New shop and directory!

Well, Covid19 has put paid to a lot of things…amongst them the regular markets that As the Crows Fly used to attend. But all is not lost! You can visit our new Etsy shop here 😊

Monochrome Espresso ware
Teal Sunburst Slip Vase

It’s also been a summer project of Tea Green events to create a new directory for all their local makers. You can visit it online here.

Dandelion Botanical Porcelain
Nasturtium Bone China ware

There are a good selection of ATCF ceramics ranges available, and more and more are gradually being added to the Etsy shop. If you can’t see what you’re looking for it may be sold out – production has been really challenging these last months. Hope you are all keeping well and happy this crazy year!

New Beginnings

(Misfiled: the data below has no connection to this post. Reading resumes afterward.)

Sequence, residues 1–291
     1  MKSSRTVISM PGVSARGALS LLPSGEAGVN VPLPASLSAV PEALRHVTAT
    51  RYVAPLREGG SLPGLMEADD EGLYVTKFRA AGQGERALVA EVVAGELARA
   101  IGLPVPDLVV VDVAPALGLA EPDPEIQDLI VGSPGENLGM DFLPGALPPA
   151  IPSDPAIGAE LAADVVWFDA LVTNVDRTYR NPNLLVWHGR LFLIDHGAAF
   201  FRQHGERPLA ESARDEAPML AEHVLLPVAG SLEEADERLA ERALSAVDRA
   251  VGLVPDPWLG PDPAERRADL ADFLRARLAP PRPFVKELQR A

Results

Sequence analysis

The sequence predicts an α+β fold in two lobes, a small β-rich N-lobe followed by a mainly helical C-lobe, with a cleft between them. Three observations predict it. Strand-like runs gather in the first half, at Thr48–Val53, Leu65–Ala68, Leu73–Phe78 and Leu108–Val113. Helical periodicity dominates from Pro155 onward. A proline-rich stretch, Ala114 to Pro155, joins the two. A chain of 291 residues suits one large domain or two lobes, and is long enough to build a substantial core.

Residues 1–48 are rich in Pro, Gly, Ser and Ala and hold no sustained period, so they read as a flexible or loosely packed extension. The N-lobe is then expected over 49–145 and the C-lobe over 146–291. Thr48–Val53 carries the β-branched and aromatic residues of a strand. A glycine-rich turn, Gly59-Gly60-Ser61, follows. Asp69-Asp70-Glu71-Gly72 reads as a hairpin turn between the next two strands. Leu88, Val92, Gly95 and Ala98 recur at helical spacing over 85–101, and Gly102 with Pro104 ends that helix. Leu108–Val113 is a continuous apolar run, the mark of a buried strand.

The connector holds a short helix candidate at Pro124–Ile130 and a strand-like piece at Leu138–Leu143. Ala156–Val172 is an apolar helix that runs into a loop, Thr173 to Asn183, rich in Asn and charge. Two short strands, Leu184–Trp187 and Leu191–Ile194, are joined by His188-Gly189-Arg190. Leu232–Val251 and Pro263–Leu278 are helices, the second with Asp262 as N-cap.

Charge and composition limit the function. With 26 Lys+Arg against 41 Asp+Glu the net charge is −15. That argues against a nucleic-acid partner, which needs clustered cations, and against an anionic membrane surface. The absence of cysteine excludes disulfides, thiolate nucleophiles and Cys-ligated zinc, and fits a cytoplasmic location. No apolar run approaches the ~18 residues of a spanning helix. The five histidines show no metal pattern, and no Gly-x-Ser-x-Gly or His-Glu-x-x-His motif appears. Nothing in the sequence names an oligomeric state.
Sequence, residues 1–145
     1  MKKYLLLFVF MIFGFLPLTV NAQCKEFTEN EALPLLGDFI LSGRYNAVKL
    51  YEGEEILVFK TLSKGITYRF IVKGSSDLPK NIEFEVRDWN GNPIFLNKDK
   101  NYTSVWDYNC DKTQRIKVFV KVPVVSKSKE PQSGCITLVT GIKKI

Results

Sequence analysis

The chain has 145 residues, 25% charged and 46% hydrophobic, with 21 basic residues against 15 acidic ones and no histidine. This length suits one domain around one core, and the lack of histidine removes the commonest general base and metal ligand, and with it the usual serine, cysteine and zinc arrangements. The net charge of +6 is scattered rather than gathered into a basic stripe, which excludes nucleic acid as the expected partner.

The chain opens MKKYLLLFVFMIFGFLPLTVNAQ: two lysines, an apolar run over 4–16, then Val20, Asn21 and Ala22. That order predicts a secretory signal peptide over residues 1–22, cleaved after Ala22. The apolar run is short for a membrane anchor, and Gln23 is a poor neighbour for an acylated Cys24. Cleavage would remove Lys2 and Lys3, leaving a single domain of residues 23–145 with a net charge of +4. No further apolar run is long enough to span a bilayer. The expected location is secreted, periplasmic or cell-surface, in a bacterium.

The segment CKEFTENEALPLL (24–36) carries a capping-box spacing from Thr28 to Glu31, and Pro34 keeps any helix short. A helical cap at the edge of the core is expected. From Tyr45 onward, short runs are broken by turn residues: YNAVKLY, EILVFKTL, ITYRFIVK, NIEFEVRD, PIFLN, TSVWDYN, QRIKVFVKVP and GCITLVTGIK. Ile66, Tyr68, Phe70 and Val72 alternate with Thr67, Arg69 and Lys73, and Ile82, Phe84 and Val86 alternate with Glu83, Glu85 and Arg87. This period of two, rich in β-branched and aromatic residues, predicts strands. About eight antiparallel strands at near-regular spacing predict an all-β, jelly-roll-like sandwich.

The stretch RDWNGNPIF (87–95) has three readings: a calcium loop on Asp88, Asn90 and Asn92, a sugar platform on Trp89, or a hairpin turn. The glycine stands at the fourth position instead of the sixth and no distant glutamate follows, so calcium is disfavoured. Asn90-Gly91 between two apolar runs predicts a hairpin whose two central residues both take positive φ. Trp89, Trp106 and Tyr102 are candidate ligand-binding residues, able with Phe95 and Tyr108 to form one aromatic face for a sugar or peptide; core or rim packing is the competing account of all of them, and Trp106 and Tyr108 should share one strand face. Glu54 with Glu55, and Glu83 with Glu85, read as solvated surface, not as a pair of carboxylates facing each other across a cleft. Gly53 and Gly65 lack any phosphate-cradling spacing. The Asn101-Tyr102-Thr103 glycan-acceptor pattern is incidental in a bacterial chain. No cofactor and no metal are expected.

So, it’s been a busy year of upheaval here with As The Crows Fly… I’ve taken the plunge and uprooted from Bristol (where I’ve lived for the past 17 years) and relocated back to my home town in Scotland. It feels good. I’m beginning to meet other fantastic artists and makers and establish a new life here. I’ve been fortunate enough to get a perfect studio space at Fire Station Creative in Dunfermline. It’s vibrant, friendly, professional and *warm*… No more leaky roofs and concrete floors to make winter working so difficult.

The video at the top of this post was created especially for the event by one of our artists Kelly-Anne Cairns and her son Connor, who have worked really hard to visually profile all the studio residents for this year’s Open Studio event.

Monochrome Espresso Ware

I’ve been working hard developing a new range this year. I wanted to blend the graphic qualities of my slipcast porcelain – bold colour block pieces that rely on the form and design rather than surface decoration – and the handmade individuality of my thrown table ware. Also, from a technical perspective, something I’m constantly learning about in ceramics, I needed to make my volcanic glazed ware more stable in their firings and finally found a combination that works….and so to range building!